Israeli military chief draws fire for selling shares after soldiers' kidnap
The chief of staff of Israel's military was under pressure yesterday after a disclosure that he sold about £14,500 of stocks within three hours of the Hizbollah border raid that triggered the Lebanon conflict.
Dan Halutz, head of the Israel Defence Force (IDF), was reported by the Israeli newspaper, Maariv, to have instructed his investment manager on 12 July to sell his personal portfolio, just as senior military and political figures were discussing the military response to the raid, in which two soldiers were abducted.
There is no suggestion General Halutz did anything illegal and the newspaper quoted him responding to what he called the "malicious and tendentious" report that the sale could not be linked to the war. He said he had made the decision because of previous losses and added: "At the time I did not expect or think that there would be a war."
But the report added a new element to an already mounting post-war debate in the wake of the admission by Ehud Olmert, Israel's Prime Minister, that there had been "deficiencies" in the management of the war. General Halutz, the former commander of the air force, had been criticised earlier in the campaign for relying too heavily on aerial bombardment in Lebanon.
Collette Avital, a Labour member of the Knesset, told the Ynet news service: "There is a serious problem here in his priorities when the security of Israel hangs in the balance... The country burnt and all that interested him was his investment portfolio."
The IDF said: "The chief of staff works day and night to protect the lives of the citizens of the State of Israel and the soldiers of the IDF and any attempt to connect his private matters to the event of the kidnapped soldiers is absurd."
The row came as General Halutz told Army Radio that the withdrawal of Israeli troops from southern Lebanon would take about a week to 10 days to complete. An estimated 2,000 soldiers were withdrawn yesterday, though Israeli troops shot dead five Hizbollah guerrillas said to have advanced against them.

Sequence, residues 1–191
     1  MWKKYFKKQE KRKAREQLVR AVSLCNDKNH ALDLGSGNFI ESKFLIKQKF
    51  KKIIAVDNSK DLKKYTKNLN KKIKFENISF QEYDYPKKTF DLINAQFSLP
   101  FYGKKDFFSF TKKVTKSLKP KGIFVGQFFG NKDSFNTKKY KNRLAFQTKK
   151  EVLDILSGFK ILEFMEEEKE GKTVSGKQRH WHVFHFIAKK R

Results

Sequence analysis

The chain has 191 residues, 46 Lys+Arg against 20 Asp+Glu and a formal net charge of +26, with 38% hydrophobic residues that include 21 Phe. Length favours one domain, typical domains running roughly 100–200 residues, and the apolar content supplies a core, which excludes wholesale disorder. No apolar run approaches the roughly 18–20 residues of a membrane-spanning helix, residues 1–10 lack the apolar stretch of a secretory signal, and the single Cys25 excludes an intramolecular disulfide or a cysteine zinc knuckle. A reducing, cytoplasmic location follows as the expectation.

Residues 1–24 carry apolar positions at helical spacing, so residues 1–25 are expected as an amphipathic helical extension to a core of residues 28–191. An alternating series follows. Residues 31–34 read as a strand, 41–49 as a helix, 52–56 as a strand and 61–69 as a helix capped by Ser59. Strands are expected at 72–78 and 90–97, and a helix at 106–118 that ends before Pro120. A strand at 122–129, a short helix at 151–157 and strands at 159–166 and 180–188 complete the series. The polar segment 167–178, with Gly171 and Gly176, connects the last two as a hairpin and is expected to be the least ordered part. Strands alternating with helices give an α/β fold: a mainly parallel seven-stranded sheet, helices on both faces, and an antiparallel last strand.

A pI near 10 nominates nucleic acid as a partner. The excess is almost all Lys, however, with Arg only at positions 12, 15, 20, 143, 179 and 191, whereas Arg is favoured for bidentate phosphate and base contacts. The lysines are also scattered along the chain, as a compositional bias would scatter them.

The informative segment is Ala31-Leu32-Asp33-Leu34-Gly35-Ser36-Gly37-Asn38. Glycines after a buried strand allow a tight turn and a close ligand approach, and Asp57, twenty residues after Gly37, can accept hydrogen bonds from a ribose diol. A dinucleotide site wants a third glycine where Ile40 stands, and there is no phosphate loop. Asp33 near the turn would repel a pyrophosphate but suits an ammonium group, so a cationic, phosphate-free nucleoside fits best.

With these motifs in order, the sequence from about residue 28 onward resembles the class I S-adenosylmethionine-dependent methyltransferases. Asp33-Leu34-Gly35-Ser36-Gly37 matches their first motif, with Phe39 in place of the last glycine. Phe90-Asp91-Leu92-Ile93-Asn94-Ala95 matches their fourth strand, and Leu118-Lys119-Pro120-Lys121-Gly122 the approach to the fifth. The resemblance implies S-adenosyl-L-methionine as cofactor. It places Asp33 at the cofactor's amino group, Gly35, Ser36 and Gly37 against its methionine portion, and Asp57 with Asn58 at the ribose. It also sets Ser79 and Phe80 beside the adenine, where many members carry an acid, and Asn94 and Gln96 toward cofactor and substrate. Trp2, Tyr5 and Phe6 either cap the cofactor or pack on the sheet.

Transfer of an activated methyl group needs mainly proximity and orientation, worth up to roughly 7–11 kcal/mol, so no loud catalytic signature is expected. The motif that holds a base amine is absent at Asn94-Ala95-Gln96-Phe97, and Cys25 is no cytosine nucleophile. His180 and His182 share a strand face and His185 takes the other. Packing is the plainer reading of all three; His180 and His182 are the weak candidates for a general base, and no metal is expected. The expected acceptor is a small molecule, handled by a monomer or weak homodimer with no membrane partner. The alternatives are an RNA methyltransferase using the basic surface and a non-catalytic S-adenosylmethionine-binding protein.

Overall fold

As soldiers and civilians in the Galilee panhandle which juts into southern Lebanon continued to acknowledge Israel had not won a clear victory against Hizbollah, in Kyriat Shmona, shops opened and buses began returning with residents who had fled south to escape Katyusha rockets.
The Foreign Minister, Tzipi Livni, told a meeting of activists in the dominant Kadima party that the international community had a responsibility to implement the UN Security Council decision aimed at keeping armed Hizbollah groups out of southern Lebanon.
Alison Touval, 49, originally from Southgate, north London, who has been a resident in a local kibbutz for the past 18 years, said there were a lot of unanswered questions. She said she hoped the peace would last 10 years until her sons had been through the army but she added: "It's not clear how the peace agreement will work and whether it's a peace."
Marat, 29, a Russian-born Israeli signalman returning from the border, said: "I don't think it was a victory. It seems that Hizbollah was left with the upper hand."
Unicef said relief workers were hastening to follow a stream of about 6,000 Lebanese refugees returning home. In the border village of Kila, the first signs of life could be seen as a few cars drove through the seemingly deserted streets and at least half a dozen yellow flags of the sort flown by Hizbollah fluttered above buildings.
Sam Echadif, the manager of a supermarket in Metulla, said he hoped "next time" the army would prepare a full-scale war to clear Hizbollah out of southern Lebanon completely. "No matter what the politicians say, we have lost," he said.
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